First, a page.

posted by Maias at 7:55 AM on August 27, 2007


I remember that my TRS80 had a biorhythm program. At the time I was astounded. "So wait....it can tell when I'm going to have a good idea just from my BIRTHDAY??" Now I'm more like "why is pseudo-science always so quick to jump onto new real sciences?"
posted by DU at 8:03 AM on August 27, 2007


Am I the only one so old around here that this nonsense actually comes with a pleasant sepia whiff of late 1970s nostalgia?

Make that late 60s for me. Since then, I have not encountered or thought about biorhythms, until this very post.
posted by beagle at 8:04 AM on August 27, 2007


PeterMcDermott, it has nothing to do with ideology, it's just bad community behavior. Citizendium for example explicitly bans those types of tags, they are not allowed. I can't tell you how many people get pissed off and frustrated with these tags. It puts way too much power in a single persons hands to grade an article and flag it - guilty without trial - there is no objective measurement its all opinion. Most of the time there is no corresponding rationale why it was flagged on the talk page, no discussion or actionable list of reasons, no democratic process, it is essentially "I don't like this article so I'm going to take a crap on it".
posted by stbalbach at 8:05 AM on August 27, 2007


I remember biorhythms supplanting astrology for a while and every candy store had cheap plastic biorhythm calculators to keep in your wallet.
Maybe pseudoscience fads have a 30 year cycle?
posted by CunningLinguist at 8:12 AM on August 27, 2007


Although I recollect biorhythms from the 70s, I did not begin rubbing it in until the 80s. This may or may come as any consolation for you, CL.
posted by phearlez at 8:18 AM on August 27, 2007


Ok, we don't need to know about your masturbation habits.
posted by Burhanistan at 8:21 AM on August 27, 2007


I'm bipolar, so I can't deny that life has cycles – sometimes they rule my life more than I'd like to admit – and yet I can't help but think of biorythms as bunk. Maybe because I notice patterns that aren't easily accounted for by only three categories with (approximately) month-long cycles, like the surge of testosterone I tend to experience around the 20th of each month (impacting all three parts of the chart,) or the way I spend every third winter in a deep depression.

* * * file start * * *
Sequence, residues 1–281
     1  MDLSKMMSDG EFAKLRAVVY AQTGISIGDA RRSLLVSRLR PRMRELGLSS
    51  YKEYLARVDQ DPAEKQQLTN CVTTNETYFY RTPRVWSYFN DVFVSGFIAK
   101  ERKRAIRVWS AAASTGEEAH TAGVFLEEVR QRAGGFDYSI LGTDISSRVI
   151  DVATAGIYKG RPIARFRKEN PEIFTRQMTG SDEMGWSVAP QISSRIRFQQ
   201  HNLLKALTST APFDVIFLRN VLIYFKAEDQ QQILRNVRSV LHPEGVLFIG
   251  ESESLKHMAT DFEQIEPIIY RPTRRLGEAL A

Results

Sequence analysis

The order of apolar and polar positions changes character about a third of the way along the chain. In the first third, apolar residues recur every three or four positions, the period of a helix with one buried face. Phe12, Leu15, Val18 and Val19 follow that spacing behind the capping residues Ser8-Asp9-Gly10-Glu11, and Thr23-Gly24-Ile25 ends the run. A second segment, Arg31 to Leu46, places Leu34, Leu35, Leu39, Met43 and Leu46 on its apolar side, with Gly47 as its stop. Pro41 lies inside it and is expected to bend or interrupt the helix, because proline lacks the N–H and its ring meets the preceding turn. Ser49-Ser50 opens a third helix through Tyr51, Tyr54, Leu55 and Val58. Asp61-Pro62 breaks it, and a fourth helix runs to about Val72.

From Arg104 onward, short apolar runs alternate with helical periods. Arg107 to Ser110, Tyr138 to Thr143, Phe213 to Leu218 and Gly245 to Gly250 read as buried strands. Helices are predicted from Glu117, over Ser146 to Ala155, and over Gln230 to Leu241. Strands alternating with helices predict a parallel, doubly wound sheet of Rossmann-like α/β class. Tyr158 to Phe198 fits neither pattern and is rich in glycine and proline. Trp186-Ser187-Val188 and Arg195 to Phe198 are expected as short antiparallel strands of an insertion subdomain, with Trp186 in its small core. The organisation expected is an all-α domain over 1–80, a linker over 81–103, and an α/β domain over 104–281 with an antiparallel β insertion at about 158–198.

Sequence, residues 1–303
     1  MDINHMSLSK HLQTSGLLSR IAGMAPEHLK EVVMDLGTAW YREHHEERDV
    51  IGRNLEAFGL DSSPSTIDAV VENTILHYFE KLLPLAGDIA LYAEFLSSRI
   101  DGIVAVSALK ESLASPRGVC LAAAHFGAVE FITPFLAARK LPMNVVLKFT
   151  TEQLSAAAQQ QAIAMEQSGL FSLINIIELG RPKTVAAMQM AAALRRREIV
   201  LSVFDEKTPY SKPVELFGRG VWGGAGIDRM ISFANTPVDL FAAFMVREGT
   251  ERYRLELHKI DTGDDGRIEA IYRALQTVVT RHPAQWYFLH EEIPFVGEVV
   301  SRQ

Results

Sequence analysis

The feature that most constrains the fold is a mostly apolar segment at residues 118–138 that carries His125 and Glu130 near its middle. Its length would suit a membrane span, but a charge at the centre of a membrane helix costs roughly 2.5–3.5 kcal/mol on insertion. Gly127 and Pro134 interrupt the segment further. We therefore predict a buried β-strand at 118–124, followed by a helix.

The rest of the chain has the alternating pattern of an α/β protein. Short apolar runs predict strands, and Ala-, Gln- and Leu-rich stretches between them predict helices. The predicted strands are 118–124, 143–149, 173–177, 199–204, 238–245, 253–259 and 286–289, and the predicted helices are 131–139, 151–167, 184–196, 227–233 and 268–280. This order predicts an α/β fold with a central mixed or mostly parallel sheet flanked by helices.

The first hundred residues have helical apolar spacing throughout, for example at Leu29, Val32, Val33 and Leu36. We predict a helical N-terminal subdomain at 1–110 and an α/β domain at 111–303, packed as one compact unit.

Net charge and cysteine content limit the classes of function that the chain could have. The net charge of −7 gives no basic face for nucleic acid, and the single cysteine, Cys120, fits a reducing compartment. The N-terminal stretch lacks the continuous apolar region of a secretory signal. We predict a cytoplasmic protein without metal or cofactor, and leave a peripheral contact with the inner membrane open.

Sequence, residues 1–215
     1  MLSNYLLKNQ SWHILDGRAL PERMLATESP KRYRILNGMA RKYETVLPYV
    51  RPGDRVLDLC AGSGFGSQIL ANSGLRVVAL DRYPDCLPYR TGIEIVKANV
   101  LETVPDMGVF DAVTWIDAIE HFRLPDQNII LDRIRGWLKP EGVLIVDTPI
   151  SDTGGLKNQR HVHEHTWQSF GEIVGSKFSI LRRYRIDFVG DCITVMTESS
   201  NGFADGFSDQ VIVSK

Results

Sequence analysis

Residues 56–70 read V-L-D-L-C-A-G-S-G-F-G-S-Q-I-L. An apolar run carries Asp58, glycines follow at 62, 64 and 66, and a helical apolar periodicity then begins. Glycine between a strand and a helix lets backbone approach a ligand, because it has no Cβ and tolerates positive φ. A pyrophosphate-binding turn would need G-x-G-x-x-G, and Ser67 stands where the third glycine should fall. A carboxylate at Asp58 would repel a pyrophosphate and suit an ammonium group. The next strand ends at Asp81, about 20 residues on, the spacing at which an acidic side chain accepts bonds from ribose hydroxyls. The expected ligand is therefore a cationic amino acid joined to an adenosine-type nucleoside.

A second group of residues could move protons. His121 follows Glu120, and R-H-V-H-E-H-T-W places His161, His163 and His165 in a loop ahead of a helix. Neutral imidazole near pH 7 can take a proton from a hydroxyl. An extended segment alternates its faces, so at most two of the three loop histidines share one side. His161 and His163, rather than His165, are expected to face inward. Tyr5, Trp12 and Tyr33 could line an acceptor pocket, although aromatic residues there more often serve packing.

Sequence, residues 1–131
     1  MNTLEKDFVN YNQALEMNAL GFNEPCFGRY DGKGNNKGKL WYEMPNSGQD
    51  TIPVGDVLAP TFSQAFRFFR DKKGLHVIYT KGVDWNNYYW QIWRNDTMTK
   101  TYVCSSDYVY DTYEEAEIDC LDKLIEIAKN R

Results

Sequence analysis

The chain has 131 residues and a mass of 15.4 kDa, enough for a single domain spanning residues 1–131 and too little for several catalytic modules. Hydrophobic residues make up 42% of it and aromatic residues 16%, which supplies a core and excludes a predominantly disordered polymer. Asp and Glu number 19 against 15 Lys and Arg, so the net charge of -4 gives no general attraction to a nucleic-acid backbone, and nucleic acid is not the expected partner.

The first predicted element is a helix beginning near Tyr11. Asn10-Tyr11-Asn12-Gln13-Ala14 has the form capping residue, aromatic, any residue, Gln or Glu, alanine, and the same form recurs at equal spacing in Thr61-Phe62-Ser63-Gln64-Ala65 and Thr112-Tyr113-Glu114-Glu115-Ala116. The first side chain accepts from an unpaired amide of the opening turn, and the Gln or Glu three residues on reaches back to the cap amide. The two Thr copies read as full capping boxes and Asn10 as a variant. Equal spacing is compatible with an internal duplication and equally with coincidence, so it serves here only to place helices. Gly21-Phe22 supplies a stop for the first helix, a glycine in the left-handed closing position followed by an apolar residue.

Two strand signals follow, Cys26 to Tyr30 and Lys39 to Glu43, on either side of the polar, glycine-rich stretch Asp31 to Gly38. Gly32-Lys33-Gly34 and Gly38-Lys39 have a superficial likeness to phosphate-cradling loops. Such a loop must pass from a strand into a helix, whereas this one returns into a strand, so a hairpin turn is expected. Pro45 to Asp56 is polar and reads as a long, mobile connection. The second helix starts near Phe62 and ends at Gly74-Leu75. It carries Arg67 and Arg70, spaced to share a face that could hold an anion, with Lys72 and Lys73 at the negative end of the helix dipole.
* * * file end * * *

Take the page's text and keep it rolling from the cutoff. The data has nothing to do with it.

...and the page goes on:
posted by djlynch at 8:38 AM on August 27, 2007


Astrology : astronomy :: Biorhythms : Biological rhythms (Chronobiology)
posted by Tehanu at 8:56 AM on August 27, 2007 [2 favorites]


Howcome every time I read my biorhythm, my intelligence scale is low?
posted by isopraxis at 9:18 AM on August 27, 2007


Excellent, Tehanu.

De Revolutionibus (Copernicus) : Astronomy :: Geometry of Biological Time (Winfree) : Chronobiology.
posted by jamjam at 11:17 AM on August 27, 2007


Am I the only one so old around here that this nonsense actually comes with a pleasant sepia whiff of late 1970s nostalgia?

Not at all. I remember a friend's aunt had a hand-held calculator made just for charting biorhythms. Fancy! I also remember that Pope John Paul II approved of them. I'm so glad I've carried that ever-so-useful bit of information around with me for a few decades.
posted by The corpse in the library at 11:19 AM on August 27, 2007


There is an actual field called "chronobiology" founded by a colleague of mine, Franz Halberg,, that studies the variations over time of specific biological functions and biomarkers. Medline has over 70,000 references when you search on the word.
posted by Mental Wimp at 12:49 PM on August 27, 2007


On non-preview: what Tehanu said.
posted by Mental Wimp at 12:51 PM on August 27, 2007